Rates drop, but may not stay down for long
Here’s a look at the latest developments in the mortgage market for the week beginning 1/18/21.
- Rates are unlikely to drop any lower this year — here’s why
- More jumbo loan credit just became available
- Prices of the least expensive homes are rising the fastest
- Refinance applications hit their highest point since March
Rates are unlikely to drop any lower this year — here’s why
After a brief spike following Georgia's Senate run-off election, mortgage rates have settled back down. But with a single party leading the House, Senate, and presidency, they aren't expected to drop any further from here.
Biden recently unveiled a spending plan of over $1T that includes programs for vaccine distribution, expanded healthcare, clean energy, and more. It’s likely easier to pass the legislation through an undivided Congress, which would in turn drive rates up.
Why, exactly? Well, government spending is supported by issuing treasury bonds. The more bonds available, the lower their price. When bonds are priced lower, their yield is high and that’s what mortgage rates move with. To learn more, see what affects mortgage rates.
Given the predictions of the year ahead, and what’s been set in motion with Biden’s win, home loan applicants who act now may be more likely to get the lowest rates available this year.
More jumbo loan credit just became available
Good news for those looking for a jumbo loan: more credit became available for them in December, according to the Mortgage Bankers Association. Jumbo loans have larger limits than conforming loans, and require a slightly stricter set of eligibility requirements in order to be approved.
The Mortgage Credit Availability Index, which measures how much credit lenders are able to extend, saw a 1.4% increase for jumbo loans while the overall index was down just 0.1%. For context, the index has been on the decline throughout 2020 but now starts to show signs of leveling off with a smaller dip.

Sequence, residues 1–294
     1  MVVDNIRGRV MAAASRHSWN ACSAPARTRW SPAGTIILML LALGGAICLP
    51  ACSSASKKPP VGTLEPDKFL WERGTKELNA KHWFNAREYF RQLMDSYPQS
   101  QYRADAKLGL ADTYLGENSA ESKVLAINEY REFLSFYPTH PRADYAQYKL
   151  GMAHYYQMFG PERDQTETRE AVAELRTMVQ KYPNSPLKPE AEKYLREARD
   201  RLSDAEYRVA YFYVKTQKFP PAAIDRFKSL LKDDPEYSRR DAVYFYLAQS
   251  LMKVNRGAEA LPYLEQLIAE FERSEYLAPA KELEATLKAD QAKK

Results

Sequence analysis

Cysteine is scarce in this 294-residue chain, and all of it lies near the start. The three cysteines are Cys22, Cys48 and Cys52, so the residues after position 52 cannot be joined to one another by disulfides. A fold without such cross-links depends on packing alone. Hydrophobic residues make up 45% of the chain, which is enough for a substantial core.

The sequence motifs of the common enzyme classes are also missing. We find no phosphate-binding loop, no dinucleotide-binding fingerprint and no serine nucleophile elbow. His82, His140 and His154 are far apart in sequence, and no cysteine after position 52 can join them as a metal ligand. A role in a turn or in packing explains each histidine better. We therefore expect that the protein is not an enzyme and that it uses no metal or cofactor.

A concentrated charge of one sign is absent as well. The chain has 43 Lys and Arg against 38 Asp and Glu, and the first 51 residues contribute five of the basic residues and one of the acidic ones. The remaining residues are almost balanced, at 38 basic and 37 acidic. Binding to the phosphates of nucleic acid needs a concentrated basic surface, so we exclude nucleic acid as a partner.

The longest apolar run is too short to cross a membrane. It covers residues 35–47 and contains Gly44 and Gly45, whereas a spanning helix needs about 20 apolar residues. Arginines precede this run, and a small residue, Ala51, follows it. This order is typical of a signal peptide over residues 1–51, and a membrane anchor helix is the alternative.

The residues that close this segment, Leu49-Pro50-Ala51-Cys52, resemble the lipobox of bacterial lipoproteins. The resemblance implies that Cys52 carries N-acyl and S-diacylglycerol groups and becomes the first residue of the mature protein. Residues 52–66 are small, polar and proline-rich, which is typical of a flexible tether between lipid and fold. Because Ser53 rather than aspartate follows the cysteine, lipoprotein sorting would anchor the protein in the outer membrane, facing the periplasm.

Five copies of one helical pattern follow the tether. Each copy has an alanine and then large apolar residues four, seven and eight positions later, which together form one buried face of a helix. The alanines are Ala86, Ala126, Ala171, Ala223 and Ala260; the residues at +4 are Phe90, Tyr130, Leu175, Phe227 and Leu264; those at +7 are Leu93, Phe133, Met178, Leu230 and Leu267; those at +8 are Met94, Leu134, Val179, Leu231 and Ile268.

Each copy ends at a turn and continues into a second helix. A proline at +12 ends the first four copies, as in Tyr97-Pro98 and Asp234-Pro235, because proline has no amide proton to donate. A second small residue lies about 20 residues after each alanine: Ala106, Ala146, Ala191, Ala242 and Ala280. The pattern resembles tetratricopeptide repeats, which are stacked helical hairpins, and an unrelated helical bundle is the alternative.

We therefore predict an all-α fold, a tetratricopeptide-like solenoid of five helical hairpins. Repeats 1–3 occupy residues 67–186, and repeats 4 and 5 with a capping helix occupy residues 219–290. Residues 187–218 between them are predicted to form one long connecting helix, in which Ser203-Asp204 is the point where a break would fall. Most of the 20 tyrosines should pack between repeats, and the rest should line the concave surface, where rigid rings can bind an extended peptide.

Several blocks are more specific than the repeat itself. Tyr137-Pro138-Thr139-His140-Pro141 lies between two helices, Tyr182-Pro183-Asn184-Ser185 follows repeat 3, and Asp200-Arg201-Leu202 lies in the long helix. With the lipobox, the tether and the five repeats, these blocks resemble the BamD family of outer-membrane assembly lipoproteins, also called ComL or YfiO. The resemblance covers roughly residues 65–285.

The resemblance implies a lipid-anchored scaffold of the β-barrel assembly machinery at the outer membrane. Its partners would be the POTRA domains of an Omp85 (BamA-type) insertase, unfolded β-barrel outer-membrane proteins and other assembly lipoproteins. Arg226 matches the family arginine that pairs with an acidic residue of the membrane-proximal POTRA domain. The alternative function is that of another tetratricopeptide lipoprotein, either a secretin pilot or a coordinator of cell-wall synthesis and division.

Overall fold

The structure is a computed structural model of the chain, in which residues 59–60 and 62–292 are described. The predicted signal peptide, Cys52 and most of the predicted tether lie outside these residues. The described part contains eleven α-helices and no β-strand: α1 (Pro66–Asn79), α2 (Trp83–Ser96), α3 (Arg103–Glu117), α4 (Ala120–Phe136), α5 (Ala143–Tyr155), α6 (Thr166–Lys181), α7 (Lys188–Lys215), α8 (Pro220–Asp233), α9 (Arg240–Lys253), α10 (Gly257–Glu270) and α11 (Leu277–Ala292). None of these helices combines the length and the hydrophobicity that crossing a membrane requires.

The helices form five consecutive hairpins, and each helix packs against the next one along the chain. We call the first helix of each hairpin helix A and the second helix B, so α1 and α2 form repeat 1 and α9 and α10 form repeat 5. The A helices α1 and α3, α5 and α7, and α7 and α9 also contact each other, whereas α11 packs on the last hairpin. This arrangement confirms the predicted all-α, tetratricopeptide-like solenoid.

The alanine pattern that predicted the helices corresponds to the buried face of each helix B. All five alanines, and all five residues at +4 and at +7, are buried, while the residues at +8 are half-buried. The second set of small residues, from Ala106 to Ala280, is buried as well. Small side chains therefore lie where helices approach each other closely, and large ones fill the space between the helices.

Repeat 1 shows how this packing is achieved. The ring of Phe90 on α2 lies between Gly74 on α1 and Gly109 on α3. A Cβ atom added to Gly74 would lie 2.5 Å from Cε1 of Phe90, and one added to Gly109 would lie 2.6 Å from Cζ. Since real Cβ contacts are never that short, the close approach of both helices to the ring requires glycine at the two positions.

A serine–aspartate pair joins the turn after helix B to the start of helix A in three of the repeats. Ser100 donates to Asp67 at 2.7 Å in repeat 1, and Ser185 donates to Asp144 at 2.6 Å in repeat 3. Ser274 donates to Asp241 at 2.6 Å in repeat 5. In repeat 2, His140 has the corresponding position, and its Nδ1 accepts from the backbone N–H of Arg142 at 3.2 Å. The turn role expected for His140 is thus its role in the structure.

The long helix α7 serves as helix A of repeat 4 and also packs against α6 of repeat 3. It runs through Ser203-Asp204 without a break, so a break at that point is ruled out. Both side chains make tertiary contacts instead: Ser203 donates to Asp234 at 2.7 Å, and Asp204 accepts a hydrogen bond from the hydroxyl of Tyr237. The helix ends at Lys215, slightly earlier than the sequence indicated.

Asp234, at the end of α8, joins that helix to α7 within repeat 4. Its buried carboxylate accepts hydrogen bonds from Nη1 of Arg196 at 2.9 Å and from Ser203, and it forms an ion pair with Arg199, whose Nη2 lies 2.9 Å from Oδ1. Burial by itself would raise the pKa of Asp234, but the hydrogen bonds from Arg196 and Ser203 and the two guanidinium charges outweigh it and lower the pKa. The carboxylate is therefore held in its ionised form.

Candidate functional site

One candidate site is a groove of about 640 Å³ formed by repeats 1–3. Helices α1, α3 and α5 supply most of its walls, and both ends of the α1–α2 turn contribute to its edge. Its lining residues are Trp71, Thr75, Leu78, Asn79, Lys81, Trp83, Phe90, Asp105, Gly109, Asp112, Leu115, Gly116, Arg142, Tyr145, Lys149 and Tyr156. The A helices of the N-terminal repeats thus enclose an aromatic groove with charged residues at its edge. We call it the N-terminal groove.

When more credit becomes available, it often means lenders’ standards are loosening, and that’s the case here. The jumbo loan increase is partially driven by a larger supply of credit for those with lower credit scores and higher loan-to-value ratios.
Jumbo loans are helpful for those who need to borrow more than the conforming loan limit, like buyers shopping in a high-priced area, or homeowners refinancing an existing larger-balance mortgage. Ultimately, it depends on the size of the loan you need and how well a borrower fits the eligibility criteria.
Prices of the least expensive homes are rising the fastest
As home prices continue to break records, the cost of buying a home on the more affordable end of the spectrum is rising fastest month-over-month. This is largely because of the amount of young first-time buyers entering the market.
Adults aged 22 to 39 were the largest share of homebuyers last year, making up at least 50% of mortgage purchase requests in 43 of the 50 largest cities. Many are first-time buyers: 86% of 22-29 year olds, and 52% of 30-39 year olds.
The rise of first-time buyers may be driving up low-priced homes for a couple of reasons. One being that most tend to have smaller budgets, so they’re often competing for affordable homes, which puts upwards pressure on prices. The other is that first-time buyers, by definition, don’t have existing homes to put back on the market.
Now the supply of affordable homes is dwindling faster than can be replenished. New listings inventory has dropped every week since the start of 2021, reaching a record low of 685,000 listings on the market.
Contractors are scrambling to fill the supply gap with new construction which is expected to start hitting the market this spring. In the meantime, first-time buyers can prepare by getting pre-approved for a mortgage. Pre-approval can help understand how much you can afford, and how to increase buying power so you can move quickly when the time comes to put down an offer.
Refinance applications hit their highest point since March
The first full week of 2021 brought with it a surge of mortgage applications, 16% higher than the week before. Of that, refinance applications led the pack with 74% of the total. That’s the most refinance activity since March 2020.
This is likely because a lot of homeowners are rushing to take advantage of low interest rates while they can, as the rates for refinancing are expected to rise as the year goes on.
To get started sooner rather than later, comparing your current mortgage against today’s rates would be a good first step.
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